“Doing ten years of coaching without reflection is simply one year of coaching repeated ten times”
What does this statement mean to you?
Have you ever wondered how you are supposed to reflect – and reflect well – if you have not been shown how to effectively implement the skill? Reflection after all, is not a simple process. If it was, it would be easy to learn how to do it.
This article explores the process of reflective practice in greater detail and explains how this can impact on coaching practice.
What does this statement mean to you?
Reflection is really just learning to coach from and through experience. However, it cannot be expected that simply by engaging in coaching you learn from these experiences. Learning to become a better coach from your experiences requires the magic ingredient – reflection!
Everything that coaches draw upon in the act of coaching that allows decisions to be made quickly and instinctively is their ‘knowing’ (Schön,1983). Therefore, the benefit of this magic mix of reflecting upon experiences is to build more ways of knowing – essentially giving a coach more experience or tools to draw upon when coaching.
As Schön suggests, it seems right to say that knowing is in our action.
Knowing-in-action: “What we know how to do in everyday and professional life” (Schön,1995)
Knowing in this instance is different to knowledge.
Whereas knowledge tends to be unchangeable and about abstract truths that we possess (eg, you might possess knowledge of the different types of coaching styles), the knowing is in the craft of how, when and which coaching style to use in the present activity you are in right now.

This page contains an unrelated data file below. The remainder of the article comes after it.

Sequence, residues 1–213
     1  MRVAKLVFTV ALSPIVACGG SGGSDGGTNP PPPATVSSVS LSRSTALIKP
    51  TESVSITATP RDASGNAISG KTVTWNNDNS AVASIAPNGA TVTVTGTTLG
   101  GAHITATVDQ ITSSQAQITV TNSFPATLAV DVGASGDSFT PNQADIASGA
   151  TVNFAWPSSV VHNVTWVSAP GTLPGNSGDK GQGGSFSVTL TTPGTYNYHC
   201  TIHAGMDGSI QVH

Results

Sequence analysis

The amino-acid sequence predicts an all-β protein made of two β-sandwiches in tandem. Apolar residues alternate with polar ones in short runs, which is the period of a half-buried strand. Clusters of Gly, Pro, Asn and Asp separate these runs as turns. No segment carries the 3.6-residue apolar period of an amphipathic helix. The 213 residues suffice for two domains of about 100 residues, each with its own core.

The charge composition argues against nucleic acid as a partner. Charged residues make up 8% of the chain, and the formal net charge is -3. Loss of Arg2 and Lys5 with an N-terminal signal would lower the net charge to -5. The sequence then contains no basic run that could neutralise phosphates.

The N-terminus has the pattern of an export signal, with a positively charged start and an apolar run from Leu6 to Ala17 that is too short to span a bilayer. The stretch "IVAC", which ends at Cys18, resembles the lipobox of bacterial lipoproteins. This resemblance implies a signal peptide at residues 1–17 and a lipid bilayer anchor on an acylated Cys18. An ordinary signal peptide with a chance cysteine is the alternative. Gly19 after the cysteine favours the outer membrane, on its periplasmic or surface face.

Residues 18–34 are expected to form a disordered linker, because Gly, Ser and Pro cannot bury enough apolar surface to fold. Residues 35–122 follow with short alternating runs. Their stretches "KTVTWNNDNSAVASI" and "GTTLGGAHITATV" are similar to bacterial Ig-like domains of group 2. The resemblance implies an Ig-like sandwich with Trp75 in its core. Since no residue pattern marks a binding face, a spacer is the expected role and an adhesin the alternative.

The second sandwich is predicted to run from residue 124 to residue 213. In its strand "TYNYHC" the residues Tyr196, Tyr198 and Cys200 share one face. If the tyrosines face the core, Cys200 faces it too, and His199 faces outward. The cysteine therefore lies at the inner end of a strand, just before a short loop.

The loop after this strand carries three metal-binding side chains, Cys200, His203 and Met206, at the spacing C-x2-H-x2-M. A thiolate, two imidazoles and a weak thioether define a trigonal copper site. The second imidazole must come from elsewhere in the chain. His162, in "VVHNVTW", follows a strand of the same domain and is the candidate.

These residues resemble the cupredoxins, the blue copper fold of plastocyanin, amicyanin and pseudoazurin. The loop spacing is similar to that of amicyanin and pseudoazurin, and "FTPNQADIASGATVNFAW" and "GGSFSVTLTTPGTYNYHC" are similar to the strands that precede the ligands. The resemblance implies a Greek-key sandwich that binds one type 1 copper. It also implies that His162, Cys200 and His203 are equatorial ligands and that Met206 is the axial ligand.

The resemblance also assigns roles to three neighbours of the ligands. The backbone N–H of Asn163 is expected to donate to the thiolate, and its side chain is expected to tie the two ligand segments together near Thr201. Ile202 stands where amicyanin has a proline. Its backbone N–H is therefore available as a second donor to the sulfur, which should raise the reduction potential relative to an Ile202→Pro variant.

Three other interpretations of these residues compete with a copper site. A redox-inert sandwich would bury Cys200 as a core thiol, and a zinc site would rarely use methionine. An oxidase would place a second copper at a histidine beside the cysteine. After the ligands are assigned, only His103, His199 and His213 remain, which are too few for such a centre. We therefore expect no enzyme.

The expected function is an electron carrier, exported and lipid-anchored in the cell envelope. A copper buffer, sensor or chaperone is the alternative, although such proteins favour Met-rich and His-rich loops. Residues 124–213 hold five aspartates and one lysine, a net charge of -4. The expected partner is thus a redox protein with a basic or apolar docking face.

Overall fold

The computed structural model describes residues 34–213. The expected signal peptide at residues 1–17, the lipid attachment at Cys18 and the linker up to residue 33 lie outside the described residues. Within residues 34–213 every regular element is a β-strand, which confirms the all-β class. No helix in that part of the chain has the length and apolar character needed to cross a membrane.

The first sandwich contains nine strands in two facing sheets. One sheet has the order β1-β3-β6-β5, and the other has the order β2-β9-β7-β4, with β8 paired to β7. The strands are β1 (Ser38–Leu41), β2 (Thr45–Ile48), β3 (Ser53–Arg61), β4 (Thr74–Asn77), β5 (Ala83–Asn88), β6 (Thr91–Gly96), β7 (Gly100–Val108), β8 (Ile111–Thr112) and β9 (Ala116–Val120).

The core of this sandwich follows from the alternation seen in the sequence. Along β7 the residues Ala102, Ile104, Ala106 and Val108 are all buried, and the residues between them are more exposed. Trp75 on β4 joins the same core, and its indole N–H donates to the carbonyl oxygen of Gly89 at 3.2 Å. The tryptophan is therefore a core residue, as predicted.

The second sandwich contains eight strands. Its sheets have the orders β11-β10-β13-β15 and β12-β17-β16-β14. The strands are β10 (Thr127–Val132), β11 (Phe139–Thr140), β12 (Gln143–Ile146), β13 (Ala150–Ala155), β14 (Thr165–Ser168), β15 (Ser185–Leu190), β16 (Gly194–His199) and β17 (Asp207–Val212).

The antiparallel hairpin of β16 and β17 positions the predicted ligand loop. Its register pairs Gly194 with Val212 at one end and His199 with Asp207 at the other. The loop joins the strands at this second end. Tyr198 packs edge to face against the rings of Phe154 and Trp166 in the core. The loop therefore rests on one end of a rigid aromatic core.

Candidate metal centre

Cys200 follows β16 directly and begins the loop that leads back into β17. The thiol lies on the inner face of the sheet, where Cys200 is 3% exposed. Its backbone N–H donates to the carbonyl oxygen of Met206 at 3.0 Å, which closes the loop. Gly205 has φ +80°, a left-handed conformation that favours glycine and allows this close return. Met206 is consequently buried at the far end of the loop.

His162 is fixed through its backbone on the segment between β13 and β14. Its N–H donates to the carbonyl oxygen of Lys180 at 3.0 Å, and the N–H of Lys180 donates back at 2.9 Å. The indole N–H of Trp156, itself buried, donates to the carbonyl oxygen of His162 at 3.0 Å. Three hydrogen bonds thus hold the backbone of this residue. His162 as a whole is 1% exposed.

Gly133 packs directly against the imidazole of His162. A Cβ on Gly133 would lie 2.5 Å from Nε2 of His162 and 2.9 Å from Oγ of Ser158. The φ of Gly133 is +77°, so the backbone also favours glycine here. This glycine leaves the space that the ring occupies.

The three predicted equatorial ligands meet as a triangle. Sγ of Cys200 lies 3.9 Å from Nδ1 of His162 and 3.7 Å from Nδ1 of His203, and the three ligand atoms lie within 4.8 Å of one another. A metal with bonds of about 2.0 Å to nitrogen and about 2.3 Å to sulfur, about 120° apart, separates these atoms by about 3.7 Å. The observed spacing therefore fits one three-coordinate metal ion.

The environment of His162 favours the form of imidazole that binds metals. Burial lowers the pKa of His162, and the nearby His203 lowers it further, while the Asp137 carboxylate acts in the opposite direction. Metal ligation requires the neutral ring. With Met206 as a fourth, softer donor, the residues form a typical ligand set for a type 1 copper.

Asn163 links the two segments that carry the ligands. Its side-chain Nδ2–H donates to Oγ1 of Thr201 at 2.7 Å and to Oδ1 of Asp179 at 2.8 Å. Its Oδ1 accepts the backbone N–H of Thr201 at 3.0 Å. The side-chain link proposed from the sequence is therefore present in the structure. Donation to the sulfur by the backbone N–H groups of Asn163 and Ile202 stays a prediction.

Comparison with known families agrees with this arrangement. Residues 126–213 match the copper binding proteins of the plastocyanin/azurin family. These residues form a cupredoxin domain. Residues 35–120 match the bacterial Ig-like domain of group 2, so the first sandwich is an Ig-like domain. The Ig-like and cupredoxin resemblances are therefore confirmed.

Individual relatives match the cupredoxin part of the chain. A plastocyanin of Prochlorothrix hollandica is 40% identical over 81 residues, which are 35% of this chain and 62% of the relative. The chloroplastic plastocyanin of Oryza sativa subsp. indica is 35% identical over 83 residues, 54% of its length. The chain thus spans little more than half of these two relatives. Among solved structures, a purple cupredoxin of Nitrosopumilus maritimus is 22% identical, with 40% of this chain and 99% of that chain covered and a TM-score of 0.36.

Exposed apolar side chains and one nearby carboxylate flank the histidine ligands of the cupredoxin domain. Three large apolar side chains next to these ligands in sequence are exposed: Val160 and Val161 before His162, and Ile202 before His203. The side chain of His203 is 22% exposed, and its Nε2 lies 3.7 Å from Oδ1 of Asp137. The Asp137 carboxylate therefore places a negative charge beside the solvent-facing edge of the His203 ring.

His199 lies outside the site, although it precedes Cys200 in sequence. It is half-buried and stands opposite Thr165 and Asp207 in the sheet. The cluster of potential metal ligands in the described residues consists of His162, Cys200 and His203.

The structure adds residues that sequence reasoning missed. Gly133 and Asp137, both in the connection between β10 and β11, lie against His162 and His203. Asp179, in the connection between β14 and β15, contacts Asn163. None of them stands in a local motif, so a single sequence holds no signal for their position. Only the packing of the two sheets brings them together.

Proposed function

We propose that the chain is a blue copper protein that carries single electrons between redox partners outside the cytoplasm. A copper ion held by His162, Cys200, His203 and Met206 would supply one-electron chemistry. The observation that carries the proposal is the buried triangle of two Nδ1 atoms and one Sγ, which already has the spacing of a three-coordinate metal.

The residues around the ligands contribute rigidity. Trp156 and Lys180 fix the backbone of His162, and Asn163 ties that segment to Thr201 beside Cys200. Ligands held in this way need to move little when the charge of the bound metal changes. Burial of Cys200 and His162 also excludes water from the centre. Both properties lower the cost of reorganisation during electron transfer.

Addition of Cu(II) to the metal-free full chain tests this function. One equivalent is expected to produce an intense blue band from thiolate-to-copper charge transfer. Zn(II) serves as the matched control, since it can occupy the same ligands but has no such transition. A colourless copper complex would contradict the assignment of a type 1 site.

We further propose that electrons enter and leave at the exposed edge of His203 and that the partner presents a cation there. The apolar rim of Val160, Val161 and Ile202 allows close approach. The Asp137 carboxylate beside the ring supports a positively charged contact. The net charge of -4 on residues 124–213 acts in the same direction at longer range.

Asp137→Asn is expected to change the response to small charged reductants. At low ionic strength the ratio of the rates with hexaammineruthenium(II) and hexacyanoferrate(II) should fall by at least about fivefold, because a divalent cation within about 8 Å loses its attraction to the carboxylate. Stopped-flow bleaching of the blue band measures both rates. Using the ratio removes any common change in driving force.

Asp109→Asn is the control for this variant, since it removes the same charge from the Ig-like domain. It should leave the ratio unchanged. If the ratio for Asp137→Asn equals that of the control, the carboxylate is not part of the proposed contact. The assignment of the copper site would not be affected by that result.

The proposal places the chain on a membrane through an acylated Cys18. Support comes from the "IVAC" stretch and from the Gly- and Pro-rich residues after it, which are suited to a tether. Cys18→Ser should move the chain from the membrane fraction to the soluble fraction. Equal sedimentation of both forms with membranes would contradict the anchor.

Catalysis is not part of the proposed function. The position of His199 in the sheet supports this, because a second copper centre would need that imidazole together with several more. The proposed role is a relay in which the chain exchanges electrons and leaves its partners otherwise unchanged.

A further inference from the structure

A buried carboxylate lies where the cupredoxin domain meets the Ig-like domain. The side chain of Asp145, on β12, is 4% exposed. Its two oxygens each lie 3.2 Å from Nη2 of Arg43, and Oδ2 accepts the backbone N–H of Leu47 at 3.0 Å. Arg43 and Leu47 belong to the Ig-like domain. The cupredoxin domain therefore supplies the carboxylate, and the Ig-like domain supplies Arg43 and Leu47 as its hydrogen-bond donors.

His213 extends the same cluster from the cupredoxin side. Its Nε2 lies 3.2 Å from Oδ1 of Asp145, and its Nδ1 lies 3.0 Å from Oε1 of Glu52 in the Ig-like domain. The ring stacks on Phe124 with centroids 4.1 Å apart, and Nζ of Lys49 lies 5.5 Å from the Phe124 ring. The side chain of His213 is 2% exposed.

Knowing is concrete because knowing is doing, and knowing is dynamic because it is never completed, it is always fluid.
Knowing is an ongoing social interaction. Coaches repeat practical application of knowing in an experimental, sometimes improvisational and almost always in an incremental way. Knowing therefore, relies not only on experience but thinking about those experiences to discover what you need, in order to do what you need to do.
This highlights the importance of doing in the reflection process. Until you try out the new thing you are learning about in your coaching, you can’t increase your ways of knowing about how it can work best for your coaching practice.
Thinking about this article, some of the knowledge presented here might be new to you. Hopefully, having read this article, the knowledge that you possess about types of reflection will be increased. However, this knowledge does not automatically make you a skilled reflective practitioner.
For this to happen, you need to experience those different types of reflection so you can work out whether they do or don’t work for you, in what situations and what support you might need to enhance this process.
Now you have some knowledge about your knowing. But as we have learned, knowledge is not enough to increase your knowing-in-action!
Example: If you want to build your ways of knowing about questioning techniques, you need to get out there and ask questions! Using your existing experience of questioning and as you explore new knowledge about questioning techniques and things like types of questions, you should try them out in your coaching. If you work out a great way to ask a question, try it out in different scenarios and with different people to test whether and how it works across contexts.